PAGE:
1. Fixing the “saddest graph” makes it more & less depressing.
2. One equation to rule them all.
3. I like this free equation editor (via @labroides).
4. How to fold a fitted sheet (The Finch & Pea tested & approved).
5. Making a better mousetrap was Newton’s Sin #5.
— Russ Creech (@RussCreech) April 2, 2012
For some, words like “Fibonacci” and “fire” are enough to set the little reward bells jingling in your nerd/pyro synapses. I, however, am made of more quantitative stuff1. How “rough” was Katy’s rough Fibonacci spiral (of FIRE!)? Continue reading “Fibonacci of FIRE!”
This will probably seem simple and obvious to many Finch and Pea patrons, but one of the mind-blowing features of nature, the real world, Plato’s cave, or what have you, is that very different phenomena often give rise to the same pattern, because they share a fundamental quantitative relationship. The world really does run on math. Some of the best examples of this are probability distributions, like the Poisson distribution, which is basically the law of rare events. I like to think of the Poisson distribution as the result of an infinite number of flips of some giant cosmic coin which only rarely, very rarely, lands on the side I’m hoping for.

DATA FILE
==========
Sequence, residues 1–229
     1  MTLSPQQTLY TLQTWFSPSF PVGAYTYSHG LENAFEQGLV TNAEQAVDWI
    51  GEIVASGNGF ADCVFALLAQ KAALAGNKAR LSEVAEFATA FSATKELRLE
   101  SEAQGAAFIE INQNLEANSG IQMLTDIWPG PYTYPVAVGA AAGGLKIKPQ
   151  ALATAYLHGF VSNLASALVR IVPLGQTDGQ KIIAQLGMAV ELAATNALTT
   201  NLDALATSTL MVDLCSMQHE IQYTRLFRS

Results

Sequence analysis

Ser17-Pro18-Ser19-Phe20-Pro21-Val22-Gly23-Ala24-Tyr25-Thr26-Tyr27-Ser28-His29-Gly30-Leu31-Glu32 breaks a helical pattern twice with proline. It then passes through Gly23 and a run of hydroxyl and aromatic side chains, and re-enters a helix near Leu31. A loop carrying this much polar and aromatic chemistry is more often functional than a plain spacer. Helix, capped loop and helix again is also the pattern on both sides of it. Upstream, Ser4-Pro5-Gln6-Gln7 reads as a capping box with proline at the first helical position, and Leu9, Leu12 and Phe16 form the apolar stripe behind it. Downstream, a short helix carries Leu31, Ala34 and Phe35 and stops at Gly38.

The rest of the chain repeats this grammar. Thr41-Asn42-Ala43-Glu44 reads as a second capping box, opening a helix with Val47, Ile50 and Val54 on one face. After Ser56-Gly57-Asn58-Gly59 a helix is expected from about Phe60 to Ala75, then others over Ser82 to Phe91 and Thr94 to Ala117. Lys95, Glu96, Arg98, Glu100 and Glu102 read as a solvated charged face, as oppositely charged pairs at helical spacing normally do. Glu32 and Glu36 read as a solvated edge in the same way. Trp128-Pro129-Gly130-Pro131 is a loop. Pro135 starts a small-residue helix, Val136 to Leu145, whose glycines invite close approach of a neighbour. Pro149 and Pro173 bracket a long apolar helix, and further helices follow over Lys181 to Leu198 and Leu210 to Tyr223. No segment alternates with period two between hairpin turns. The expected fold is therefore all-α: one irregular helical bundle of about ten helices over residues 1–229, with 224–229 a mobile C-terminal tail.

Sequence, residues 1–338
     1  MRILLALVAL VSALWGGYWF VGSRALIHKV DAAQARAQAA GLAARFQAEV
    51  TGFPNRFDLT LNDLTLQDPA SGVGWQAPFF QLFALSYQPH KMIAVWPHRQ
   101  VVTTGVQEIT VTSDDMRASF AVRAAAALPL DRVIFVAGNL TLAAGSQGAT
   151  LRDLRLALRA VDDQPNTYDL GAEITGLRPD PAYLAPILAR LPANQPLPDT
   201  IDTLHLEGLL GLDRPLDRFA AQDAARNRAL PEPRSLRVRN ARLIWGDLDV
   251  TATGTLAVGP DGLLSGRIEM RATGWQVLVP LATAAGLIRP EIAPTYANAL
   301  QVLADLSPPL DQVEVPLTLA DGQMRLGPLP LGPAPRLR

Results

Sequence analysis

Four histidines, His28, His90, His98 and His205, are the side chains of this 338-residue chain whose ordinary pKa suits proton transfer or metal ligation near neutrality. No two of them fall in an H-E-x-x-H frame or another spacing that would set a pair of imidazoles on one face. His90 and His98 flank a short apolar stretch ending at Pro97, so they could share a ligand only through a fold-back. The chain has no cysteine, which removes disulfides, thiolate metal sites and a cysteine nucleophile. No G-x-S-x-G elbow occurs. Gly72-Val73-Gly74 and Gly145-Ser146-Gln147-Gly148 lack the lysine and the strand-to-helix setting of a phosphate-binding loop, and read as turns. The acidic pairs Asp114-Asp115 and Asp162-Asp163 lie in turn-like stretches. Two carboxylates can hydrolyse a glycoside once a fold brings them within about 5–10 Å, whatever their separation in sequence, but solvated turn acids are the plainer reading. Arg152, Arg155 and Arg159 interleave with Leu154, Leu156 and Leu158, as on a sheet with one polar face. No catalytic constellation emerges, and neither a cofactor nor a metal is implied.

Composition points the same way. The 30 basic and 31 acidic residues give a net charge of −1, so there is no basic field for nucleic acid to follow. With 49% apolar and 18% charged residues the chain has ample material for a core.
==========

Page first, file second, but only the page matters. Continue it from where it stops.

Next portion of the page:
The classic illustration of a Poisson distribution is the randomly-passing car problem. Continue reading “On the road and in your genome with Poisson”
Titles of the references on the Hawaiian earring Wikipedia page, clearly designed to make math actually seem fun:
“The big fundamental group, big Hawaiian earrings, and the big free groups”
“Anomalous behavior of the Hawaiian earring group”
“The fundamental groups of one-dimensional wild spaces and the Hawaiian earring”
“The singular homology of the Hawaiian earring”
“The topological Hawaiian earring group does not embed in the inverse limit of free groups”